Mr Trump used the presidency as a perpetual campaign, filing with the Federal Election Commission for the 2020 election on the day of his inauguration, January 20, 2017. “He’s dynamited the institution of the presidency,” said Douglas Brinkley, presidential historian at Rice University. “He doesn’t see himself as being part of a long litany of presidents who will hand a baton to a successor. Instead, he uses the presidency as an extension of his own personality.”

Is this a one-president aberration? Or has the White House forever changed? Whether the trends will outlast Trump’s presidency is a question that won’t be answered until there is a new occupant in the Oval Office, but Brinkley predicts “no future president will model themselves on him.”

There was a time, many accelerated news cycles ago, when there was speculation, stoked by the candidate himself, that Trump would abandon the bluster of his campaign and become “more presidential” once he took office.

No one says that anymore.

Trump himself believes his unpredictability is what holds Americans’ attention and fuels his success.

“I have these stupid teleprompters. You don’t mind that I haven’t used them all night, do you?” Trump asked the crowd at a June rally in South Carolina. “Every once in a while I look at it, I mean, it’s so boring, we don’t want it. America’s back, bigger, and better, and stronger than ever.”

Indeed, Trump brought to the White House the same fact-challenged, convention-defying style that got him elected. From his first days in office, Trump pushed falsehoods about the size of the inaugural crowd and unfounded allegations about millions of illegal voters. He has not let up since.

Is Trump's legacy his impact on the Republican Party?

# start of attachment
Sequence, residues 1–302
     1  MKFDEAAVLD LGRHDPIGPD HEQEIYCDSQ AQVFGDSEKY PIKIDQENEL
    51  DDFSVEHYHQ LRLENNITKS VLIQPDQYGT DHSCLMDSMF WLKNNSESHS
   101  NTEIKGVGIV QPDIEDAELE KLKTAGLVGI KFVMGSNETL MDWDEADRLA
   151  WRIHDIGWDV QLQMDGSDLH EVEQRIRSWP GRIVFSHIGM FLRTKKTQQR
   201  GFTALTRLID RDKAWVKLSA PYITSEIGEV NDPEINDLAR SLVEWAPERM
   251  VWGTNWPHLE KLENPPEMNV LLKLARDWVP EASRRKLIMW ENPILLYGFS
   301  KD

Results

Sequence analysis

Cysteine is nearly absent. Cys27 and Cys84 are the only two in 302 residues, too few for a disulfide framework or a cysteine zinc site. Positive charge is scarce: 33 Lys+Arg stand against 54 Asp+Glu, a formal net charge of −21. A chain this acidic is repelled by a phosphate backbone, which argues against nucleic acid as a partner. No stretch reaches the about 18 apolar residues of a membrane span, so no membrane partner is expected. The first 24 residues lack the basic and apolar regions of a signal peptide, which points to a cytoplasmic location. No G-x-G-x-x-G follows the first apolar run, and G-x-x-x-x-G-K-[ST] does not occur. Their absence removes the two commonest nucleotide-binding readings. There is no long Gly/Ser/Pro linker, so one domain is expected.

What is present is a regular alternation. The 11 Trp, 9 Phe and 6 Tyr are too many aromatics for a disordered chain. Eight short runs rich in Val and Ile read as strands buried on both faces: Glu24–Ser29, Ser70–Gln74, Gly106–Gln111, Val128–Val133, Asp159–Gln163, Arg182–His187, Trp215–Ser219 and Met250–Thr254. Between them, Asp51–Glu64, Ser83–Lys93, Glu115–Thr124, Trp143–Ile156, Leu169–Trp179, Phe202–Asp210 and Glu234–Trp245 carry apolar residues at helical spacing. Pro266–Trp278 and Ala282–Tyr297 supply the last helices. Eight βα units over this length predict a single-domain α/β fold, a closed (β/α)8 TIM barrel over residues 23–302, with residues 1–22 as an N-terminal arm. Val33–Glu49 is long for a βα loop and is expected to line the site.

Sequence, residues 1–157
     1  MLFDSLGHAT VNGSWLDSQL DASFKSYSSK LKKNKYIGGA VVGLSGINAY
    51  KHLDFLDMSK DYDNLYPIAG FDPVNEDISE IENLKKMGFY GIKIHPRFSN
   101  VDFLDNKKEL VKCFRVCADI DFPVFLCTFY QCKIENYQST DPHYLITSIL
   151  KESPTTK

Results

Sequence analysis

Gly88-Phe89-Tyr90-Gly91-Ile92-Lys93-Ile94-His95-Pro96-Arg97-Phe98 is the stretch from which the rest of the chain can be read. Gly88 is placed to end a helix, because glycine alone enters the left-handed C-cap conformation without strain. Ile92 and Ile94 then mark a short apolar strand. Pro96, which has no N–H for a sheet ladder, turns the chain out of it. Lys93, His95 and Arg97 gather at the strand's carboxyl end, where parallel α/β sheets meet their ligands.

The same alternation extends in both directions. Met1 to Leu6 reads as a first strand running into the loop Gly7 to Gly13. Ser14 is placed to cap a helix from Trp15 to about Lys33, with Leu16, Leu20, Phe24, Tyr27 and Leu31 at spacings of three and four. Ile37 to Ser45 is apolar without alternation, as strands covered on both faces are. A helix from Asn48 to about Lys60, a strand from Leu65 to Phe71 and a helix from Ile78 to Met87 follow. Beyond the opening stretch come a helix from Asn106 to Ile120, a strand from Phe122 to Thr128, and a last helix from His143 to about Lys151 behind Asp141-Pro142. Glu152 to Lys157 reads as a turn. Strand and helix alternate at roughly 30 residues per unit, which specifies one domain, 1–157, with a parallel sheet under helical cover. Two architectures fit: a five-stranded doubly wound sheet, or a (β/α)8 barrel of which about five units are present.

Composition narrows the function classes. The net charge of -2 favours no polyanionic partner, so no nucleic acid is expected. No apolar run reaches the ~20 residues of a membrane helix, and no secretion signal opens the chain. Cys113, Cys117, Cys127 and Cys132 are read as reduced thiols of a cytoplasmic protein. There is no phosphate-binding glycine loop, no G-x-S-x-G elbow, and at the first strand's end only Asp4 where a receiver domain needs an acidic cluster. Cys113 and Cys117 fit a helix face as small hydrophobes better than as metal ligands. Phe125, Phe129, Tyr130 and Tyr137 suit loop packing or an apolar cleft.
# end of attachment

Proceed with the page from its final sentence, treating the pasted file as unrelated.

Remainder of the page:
Donald Trump’s 2016 electoral success has, among other things, been attributed to “… intensified political partisanship in the presence of well‐institutionalized racially coded campaign strategies and rhetoric…” (Bobo, 2017, S85). Does this explain his 2020 successes?


How did Trump garner over 70 million votes while overseeing the highest unemployment rate in 80 years (Amadeo, 2020) and the worst epidemic in 100 years (Betz, 2020)? Hamblin (2020) notes that one exit poll showed coronavirus “was the most important issue guiding more than 40 percent of voters. But… 80 percent of Republican voters said they believe that

the virus is at least‘ some what under control’ in the same week that cases reached record numbers” . Here is a critical issue for voters, a government failing to address it, and 80 percent of the members of a major political party supporting what appears to be failed efforts.


Are they all stupid? Something else must be going on here. As Hamblin(2020) opined,“Much of what he [Trump] said and did as president was thinly veiled white supremacy, misogyny, race-baiting, and class warfare” .

This is not to say all voters selected Trump for reasons relating to race. Actually, non- college-educated minority voters increased support for Trump from 20 to 25 percent driven by a strong anti-socialist message to the Cuban community (Zhang & Burn-Murdoch, 2020).

Trump legitimately earned increased support among upper income voters (Zhang & Burn- Murdoch, 2020) – likely due to his tax policies

Potempkin Stupidity

Jerry Sheppard

Jesse Young